The incidence of HL in patients older than 60 years is still not exactly clear. The proportion of elderly patients participating in prospective trials is usually low, mostly due to age restraints for the trials or the fact that exclusion criteria are not met. Generally, more elderly HL patients were represented in studies performed in the 1970s or 1980s. For example, in earlier Cancer and Leukemia Group B (CALGB) studies, 19% of patients were older than 60 years. However, central pathology review was not performed in these studies. Given that a more recent retrospective reevaluation of elderly HL patients diagnosed decades ago indicates that a substantial proportion of elderly patients with B-cell lymphomas were initially misdiagnosed as having HL, meaningful studies in elderly patients require a reference pathology expert diagnosis. Accordingly, elderly patients represented 8% of all diagnoses in the follow-up CALGB trial, which included pathology review.
Within population-based studies, the proportion of elderly HL patients ranges from 20% to 44%: In a Swedish study, 163 of 202 patients treated between 1979 and 1988 were confirmed HL cases after histopathologic review. Of these, 61 (31%) were older than 60 years. Another study from England prospectively evaluated the incidence and outcome of HL patients in the Northern Health Region (population of 3 million) between 1991 and 1998, irrespective of entry into a specific trial. Of the newly diagnosed HL patients, 20% were older than 60 years. The age-specific incidence was 1.97/100,000 for those aged 60 to 69 and 2,18/100,000 for those aged 70 years or older.[15,23]
Histologic Subtype and Disease Characteristics
A retrospective analysis from the German Hodgkin Study Group (GHSG) revealed statistically significant differences in disease-related characteristics between younger and older HL patients. Elderly patients presented more frequently with B symptoms, elevated sedimentation rate, mixed cellularity (MC) histologic subtype, and poorer Karnofsky performance score. Less frequently found in this group were bulky disease, large mediastinal mass, and nodular sclerosis (NS) subtype. Although the MC subtype was present more often in elderly patients (35% vs 19%), NS histology was most frequently observed in both age groups (41% vs 66%).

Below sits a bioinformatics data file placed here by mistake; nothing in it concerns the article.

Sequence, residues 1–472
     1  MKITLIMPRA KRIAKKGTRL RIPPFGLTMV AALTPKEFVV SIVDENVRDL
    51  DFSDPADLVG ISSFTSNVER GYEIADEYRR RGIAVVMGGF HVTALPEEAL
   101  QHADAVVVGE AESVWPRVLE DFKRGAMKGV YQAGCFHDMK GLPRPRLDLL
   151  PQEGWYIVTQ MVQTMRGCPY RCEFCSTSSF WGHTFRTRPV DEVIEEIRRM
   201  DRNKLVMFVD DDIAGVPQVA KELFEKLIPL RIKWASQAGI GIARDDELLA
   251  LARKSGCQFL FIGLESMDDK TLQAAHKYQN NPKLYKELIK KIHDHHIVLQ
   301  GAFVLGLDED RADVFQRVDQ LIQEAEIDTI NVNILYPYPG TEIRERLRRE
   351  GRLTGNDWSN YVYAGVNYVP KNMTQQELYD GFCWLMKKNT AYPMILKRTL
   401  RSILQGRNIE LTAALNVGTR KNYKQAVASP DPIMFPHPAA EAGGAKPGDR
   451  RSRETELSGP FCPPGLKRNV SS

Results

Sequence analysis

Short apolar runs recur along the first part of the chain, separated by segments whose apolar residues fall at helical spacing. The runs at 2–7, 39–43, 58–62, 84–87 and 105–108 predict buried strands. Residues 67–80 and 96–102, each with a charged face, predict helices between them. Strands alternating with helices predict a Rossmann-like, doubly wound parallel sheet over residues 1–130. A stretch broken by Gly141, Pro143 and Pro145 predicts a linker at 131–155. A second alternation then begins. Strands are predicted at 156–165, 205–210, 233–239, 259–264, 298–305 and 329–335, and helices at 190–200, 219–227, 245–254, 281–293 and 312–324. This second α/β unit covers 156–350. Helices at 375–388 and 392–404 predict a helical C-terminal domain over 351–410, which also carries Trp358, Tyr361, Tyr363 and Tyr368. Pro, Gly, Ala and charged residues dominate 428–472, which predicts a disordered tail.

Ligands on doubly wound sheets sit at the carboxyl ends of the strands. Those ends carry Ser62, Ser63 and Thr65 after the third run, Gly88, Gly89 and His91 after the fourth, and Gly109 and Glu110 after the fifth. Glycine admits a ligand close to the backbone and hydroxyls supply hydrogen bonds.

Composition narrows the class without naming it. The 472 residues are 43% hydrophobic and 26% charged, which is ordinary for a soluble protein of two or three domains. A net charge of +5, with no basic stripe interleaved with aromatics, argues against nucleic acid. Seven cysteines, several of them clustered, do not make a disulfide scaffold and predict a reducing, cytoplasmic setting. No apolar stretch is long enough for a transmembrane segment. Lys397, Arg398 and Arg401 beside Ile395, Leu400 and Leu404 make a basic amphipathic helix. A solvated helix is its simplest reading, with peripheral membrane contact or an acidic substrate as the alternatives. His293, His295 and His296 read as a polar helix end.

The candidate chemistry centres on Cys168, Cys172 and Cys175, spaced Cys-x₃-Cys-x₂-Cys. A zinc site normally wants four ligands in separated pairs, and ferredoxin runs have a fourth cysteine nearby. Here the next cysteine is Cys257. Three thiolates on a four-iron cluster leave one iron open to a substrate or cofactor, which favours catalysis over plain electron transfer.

In smaller case series, others have reported similar findings.[5,8,22] As an example, a recent study from the Nebraska Lymphoma Study Group found sex, stage, Karnofsky performance score, lactate dehydrogenase, number of extranodal sites, B symptoms, size of largest mass and histologic subtype prognostically relevant. More recent studies or those using pathology expert review[7,12,22] observed fewer patients with lymphocyte-predominant and lymphocyte-depleted subtypes.[1,3,8,24] This reflects improved histomorphology allowing a more precise classification of different HL subtypes and the distinction of HL from NHL.
In accordance with the findings of the GHSG and the Nebraska Group, the difference in outcome between young and elderly patients seems to be due, at least in part, to an intrinsic difference in the disease. Elderly patients present more often with poorer risk factors such as B symptoms or a shorter history of disease.[24-27] Furthermore, although staging procedures have usually been more comprehensive in the young, many studies found advanced stages more often in elderly patients.[2,9]
Clinical Differences in the Elderly
It is unlikely that biology and disease-related factors alone explain the differences in outcome between younger and elderly HL patients. Treatment-related factors such as reduced tolerability of conventional therapy, more severe toxicity and treatment-related deaths, failure to maintain dose intensity,[6-9] and shorter survival after relapse[10,11] further worsen the prognosis of the elderly age group.